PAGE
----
American auto information services company Edmunds recently tested its Long Range RWD Model 3 to confirm if it is possible to improve a vehicle’s performance without new parts or a trip to a Tesla service center. By the end of its tests, Edmunds concluded that the auto industry is now at a point where cars can gain more power out of thin air.
Tesla’s Peak Power Increase update was mentioned by the electric car maker when it introduced the $35,000 Standard Model 3 in a blog post at the end of February. The update was rolled out by the company soon after, explaining in its release notes that peak power had been increased by around 5%, improving acceleration and performance. Edmunds decided to take their own Model 3 to the track, to confirm if the electric sedan really got faster after receiving the software update.
Prior to the update, Edmunds‘ Long Range Model 3 RWD was doing 0-60 mph runs in 5.3 seconds, hitting the quarter-mile mark in 13.6 seconds. While feature content manager Carlos Lago noted that he really did not feel much difference in the vehicle’s performance after the update, the Model 3’s numbers told a different story. As indicated by instruments installed on the electric sedan, the Model 3’s 0-60 mph time was reduced to just 5.0 seconds after the update, an improvement of 0.3 seconds. The car’s quarter-mile performance also saw a slight improvement at 13.5 seconds.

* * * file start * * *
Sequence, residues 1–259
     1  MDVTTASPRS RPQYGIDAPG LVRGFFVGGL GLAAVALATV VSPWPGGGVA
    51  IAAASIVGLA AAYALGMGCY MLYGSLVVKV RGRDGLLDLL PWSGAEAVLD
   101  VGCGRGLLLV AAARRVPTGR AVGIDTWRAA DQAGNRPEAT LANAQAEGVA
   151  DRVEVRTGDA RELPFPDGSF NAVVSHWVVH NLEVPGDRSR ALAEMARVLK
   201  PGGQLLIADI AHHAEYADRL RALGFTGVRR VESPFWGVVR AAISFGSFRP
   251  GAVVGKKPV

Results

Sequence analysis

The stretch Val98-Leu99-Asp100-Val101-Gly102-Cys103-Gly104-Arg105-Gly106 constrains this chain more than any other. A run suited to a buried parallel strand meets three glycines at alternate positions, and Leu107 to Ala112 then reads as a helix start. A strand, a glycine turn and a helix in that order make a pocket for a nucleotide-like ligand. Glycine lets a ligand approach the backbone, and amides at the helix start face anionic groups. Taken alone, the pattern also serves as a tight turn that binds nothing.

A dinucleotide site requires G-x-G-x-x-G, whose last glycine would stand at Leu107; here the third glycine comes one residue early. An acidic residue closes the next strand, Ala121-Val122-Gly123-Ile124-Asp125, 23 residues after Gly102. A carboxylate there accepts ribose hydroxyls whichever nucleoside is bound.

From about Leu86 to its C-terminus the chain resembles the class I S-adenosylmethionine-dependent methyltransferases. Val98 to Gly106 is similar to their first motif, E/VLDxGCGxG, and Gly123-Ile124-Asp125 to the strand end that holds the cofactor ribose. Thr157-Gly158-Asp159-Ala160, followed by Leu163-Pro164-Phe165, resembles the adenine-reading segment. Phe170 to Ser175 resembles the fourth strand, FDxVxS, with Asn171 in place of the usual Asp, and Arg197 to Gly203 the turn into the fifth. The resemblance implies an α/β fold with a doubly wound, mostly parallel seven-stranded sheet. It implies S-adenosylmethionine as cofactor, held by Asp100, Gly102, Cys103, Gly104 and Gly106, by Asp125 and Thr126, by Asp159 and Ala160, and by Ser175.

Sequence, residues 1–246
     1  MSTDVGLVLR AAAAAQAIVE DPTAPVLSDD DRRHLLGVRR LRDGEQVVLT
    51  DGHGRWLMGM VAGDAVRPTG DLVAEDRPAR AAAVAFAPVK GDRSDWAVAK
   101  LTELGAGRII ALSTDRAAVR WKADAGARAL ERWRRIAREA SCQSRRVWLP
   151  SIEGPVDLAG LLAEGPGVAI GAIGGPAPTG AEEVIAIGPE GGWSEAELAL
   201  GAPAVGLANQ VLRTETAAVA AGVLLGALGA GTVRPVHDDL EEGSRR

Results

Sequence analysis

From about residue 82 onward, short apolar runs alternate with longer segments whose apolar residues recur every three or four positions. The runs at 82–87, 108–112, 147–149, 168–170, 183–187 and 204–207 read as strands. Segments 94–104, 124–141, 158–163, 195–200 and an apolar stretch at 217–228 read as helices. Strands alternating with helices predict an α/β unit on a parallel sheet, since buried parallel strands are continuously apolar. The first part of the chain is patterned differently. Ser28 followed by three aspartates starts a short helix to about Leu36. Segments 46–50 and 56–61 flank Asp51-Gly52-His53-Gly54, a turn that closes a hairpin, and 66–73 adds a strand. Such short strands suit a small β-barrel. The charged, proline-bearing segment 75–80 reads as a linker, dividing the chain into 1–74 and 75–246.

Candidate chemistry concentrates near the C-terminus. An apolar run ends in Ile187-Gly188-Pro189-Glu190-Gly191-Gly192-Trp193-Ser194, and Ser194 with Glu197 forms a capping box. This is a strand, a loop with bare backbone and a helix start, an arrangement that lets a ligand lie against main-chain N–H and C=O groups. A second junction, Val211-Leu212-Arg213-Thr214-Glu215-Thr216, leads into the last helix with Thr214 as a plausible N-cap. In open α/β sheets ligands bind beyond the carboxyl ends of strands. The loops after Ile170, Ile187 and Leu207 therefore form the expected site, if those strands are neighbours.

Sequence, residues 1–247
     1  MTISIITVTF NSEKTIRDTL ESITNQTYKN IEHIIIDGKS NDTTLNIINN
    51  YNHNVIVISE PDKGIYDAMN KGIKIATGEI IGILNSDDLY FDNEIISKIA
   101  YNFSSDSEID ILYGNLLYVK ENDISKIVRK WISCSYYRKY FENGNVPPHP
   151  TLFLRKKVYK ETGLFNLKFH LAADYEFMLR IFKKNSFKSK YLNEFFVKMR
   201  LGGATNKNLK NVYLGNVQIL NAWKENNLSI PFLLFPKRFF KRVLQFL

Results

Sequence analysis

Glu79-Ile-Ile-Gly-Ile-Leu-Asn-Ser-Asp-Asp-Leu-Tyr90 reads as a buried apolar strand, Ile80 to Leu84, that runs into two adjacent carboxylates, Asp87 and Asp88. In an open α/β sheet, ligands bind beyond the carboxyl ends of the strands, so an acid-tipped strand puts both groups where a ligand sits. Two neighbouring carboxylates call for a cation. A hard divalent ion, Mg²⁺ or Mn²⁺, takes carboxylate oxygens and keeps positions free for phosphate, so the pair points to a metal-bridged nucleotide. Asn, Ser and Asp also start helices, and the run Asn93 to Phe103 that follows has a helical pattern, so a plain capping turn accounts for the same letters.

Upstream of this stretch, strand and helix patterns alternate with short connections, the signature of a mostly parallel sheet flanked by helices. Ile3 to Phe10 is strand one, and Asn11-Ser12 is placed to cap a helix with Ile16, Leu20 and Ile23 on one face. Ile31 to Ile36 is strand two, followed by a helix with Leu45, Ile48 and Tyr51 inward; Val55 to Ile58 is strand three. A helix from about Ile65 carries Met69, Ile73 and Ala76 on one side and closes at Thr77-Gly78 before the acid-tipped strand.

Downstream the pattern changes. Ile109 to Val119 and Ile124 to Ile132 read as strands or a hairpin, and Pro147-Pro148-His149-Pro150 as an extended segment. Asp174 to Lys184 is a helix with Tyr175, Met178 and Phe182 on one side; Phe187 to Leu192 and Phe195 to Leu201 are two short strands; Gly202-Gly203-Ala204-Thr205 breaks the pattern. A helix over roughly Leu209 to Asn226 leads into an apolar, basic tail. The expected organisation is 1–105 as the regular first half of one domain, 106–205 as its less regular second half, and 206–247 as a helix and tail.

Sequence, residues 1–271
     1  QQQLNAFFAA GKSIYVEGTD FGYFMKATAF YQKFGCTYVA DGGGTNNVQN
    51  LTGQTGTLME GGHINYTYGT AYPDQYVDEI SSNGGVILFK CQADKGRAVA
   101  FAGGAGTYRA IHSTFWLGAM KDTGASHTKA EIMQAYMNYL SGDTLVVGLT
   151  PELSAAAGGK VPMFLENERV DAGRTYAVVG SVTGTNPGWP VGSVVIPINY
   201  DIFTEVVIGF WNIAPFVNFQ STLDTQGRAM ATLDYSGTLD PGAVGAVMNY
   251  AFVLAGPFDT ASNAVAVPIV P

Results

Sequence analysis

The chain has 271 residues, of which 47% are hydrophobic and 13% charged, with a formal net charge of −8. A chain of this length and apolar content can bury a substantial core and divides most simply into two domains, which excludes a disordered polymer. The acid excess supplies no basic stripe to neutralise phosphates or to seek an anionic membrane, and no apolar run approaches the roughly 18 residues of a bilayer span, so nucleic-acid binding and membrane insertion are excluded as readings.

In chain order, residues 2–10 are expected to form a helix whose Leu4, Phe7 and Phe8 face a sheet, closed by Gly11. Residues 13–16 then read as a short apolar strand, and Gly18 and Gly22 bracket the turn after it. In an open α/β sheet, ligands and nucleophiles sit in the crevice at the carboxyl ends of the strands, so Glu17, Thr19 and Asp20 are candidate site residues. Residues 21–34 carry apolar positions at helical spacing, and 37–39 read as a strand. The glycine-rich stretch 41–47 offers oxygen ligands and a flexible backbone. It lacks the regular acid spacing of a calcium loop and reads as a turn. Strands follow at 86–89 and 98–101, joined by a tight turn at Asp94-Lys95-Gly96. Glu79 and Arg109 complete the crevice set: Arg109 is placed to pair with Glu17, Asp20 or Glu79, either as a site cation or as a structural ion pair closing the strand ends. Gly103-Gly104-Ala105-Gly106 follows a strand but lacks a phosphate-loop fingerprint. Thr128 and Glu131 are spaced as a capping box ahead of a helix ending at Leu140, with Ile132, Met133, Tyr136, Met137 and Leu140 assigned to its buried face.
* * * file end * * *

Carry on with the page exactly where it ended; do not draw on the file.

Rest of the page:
Overall, Edmunds was quite impressed with Tesla, considering that the company legitimately added more power to the Model 3 over the air, at zero cost to electric car owners. Unlike power boosts in internal combustion vehicles, Tesla’s Peak Power Increase required no new parts or a trip to the service center. That’s mighty impressive, especially for non-Performance vehicles like the Long Range RWD Model 3.
Tesla’s Peak Power Increase has already helped other Model 3 achieve greater feats on the track. One such vehicle, a Model 3 Performance, ended up facing a literal supercar in the form of a Ferrari 458 on the drag strip, and partly thanks to its OTA power boost, it was able to outrun its Italian-bred competitor. That’s not bad at all for Tesla’s most conservatively-specced vehicles to date.
Watch Edmunds‘ test of its Model 3 in the video below.